Event Dates
From: 10/03/2021 12:00
To: 10/03/2021 14:00
External Speaker
Prof. Costas Galiotis (FORTH/ICE-HT & Dept. of Chemical Engineering, Univ. of Patras, Greece)
Online Zoom Platform:

Graphene is a perfect 2D crystal of covalently bonded carbon atoms that exhibits extraordinary properties in many fields of physical sciences [1].  As a template it consists of the basis for the formation of all graphitic structures.   Nevertheless, 2D crystals cannot have a significant impact in the real world, until efficient production techniques are developed to harvest their unique properties in global applications and devices.

Chemical Vapor Deposition (CVD) is the most well-known method of automated graphene growth [2]. The chemical process is rather complex, as it involves multiple steps on a solid metal catalyst (SMCaT), such as hydrocarbon decomposition, carbon adsorption and diffusion, generation of nucleation points and graphene consolidation. Thermal mismatch effects on cooling down from elevated temperatures and subsequent transfer to other substrates, induce morphological defects and contaminations, which impair the inherent physical properties of graphene (and other 2DMs). Switching to liquid metal catalysts (LMCat) might be a solution for the production of defect-free single graphene domains at high production speeds due to the enhanced atomic mobility, homogeneity, and fluidity in that process.  Videos of graphene grown on molten copper will be presented in which both self-alignment of crystals of random orientations and growth of large single crystals will be observed at real time. Moreover, removing the formed 2D membrane from the hot metal substrate appears feasible as the the viscous forces that hold the grown material on the liquid metal are extremely weak.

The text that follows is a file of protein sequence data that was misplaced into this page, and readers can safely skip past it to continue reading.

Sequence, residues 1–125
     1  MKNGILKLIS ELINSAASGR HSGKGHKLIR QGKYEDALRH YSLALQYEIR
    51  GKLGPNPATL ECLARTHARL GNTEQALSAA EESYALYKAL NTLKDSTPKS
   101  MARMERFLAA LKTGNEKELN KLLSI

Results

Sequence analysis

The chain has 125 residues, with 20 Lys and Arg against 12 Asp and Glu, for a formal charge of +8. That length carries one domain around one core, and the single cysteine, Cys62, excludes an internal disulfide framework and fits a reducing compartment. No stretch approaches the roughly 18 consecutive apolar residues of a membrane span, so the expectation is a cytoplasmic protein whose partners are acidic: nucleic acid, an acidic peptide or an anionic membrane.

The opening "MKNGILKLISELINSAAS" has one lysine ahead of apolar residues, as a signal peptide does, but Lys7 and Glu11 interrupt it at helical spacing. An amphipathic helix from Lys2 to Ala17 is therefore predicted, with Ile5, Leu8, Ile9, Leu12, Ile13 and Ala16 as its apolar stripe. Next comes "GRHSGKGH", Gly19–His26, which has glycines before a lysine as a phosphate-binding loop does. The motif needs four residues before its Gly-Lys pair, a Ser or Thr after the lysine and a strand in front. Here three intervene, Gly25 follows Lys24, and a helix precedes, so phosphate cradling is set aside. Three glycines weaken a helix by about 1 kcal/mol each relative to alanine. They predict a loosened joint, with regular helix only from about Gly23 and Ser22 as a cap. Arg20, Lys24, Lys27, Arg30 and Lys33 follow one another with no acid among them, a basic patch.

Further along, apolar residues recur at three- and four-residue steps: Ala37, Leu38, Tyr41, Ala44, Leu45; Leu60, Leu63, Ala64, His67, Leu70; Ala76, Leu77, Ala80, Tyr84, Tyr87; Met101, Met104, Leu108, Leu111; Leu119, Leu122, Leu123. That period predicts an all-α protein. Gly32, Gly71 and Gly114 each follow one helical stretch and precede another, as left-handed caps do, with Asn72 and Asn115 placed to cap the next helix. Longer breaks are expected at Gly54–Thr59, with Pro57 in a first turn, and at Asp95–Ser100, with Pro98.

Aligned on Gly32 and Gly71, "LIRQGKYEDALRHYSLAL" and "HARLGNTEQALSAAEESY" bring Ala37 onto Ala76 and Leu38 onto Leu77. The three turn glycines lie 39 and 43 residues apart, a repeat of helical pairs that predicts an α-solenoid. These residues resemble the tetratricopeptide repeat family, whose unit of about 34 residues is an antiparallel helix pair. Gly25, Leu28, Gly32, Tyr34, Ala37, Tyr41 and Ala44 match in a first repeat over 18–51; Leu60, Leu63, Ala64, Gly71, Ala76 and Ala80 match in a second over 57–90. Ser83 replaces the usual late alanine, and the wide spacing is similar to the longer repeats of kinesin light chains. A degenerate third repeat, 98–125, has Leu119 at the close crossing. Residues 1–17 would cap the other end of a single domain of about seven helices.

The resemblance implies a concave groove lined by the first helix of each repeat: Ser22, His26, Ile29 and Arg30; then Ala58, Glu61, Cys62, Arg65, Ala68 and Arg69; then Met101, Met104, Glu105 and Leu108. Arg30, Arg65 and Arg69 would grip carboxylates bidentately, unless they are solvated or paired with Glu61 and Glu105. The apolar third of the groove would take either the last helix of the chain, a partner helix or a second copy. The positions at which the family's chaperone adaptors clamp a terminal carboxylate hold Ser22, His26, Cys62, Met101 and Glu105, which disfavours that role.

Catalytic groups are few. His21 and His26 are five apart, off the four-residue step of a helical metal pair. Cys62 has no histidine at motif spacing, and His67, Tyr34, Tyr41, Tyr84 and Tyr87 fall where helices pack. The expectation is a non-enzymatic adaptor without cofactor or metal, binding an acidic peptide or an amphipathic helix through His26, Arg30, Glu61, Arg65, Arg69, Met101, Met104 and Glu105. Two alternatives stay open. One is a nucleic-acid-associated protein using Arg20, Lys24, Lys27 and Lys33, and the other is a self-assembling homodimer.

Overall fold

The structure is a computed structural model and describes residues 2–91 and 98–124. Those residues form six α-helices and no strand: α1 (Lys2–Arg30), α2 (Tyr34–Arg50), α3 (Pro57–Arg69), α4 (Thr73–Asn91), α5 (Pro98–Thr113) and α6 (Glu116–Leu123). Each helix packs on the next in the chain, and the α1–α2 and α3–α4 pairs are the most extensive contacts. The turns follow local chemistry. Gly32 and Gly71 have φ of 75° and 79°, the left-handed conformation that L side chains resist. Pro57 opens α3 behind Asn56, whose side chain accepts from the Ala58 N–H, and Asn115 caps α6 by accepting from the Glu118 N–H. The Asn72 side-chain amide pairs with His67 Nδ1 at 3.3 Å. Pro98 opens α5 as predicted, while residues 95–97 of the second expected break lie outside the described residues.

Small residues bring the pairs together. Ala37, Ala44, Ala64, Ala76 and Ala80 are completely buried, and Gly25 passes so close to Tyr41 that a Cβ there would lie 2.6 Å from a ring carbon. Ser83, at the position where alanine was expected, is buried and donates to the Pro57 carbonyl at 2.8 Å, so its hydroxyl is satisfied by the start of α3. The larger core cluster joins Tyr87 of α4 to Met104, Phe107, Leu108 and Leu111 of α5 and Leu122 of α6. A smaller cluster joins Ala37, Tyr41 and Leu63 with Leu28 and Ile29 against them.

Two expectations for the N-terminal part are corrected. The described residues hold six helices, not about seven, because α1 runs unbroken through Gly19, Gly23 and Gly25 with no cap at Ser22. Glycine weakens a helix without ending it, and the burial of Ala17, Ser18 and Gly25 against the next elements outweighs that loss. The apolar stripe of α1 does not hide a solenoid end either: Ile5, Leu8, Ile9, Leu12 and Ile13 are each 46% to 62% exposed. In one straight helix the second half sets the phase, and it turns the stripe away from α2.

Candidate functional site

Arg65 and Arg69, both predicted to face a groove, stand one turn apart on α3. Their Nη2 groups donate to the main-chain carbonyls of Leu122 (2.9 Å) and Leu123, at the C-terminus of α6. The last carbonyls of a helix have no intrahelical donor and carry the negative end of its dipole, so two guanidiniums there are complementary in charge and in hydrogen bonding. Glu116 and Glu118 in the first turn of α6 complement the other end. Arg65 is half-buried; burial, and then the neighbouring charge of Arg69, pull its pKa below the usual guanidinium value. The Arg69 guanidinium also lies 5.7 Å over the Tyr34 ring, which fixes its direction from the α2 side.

In-situ monitoring of chemical reactions within the CVD reactors is of paramount importance for the control of graphene growth and the understanding of growth kinetics. In particular, I will be presenting recent results on the use of Laser Reflectometry for monitoring graphene growth in SMCaT processes.  Furthermore, I will show how another optical technique (laser Raman) using a near UV excitation line at 405 nm to reduce the black body radiation, can be employed to monitor graphene growth in LMCaT processes at high temperatures (>1000 C).

Mechanical properties of 2D materials is another active area of research of our group.  I will show you some aspects of our recent work on the control of wrinkle formation in monolayer graphene and also on the bending behavior of both homo- and hetero- 2D structures.  Moving to applications, I will be showing new processing strategies for the production of macro-scale CVD-graphene/polymer nanolaminates based on the combination of ultra-thin casting, wet transfer and floating deposition [3, 4]. These composites possess excellent mechanical and electrical properties and can be employed as coatings for EMI shielding or electro-active displays. 

Finally, the use of large transparent graphene veils for the protection of art works such as paintings will also be covered briefly in this presentation [5].



[1] Novoselov K. S. et al., Proc. Natl. Acad. Sci., 102, 10451, 2005

[2] Bae S. et al., Nat. Nanotechnology, 5, 574, 2010

[3] Vlassiouk I et al., ACS Appl Mater Interfaces, 20, 10702, 2015

[4] Pavlou Ch. al, Nature Comms, revised manuscript submitted, 2021

[5] Kotsidi et al, Nat. Nanotechnology, revised manuscript submitted, 2021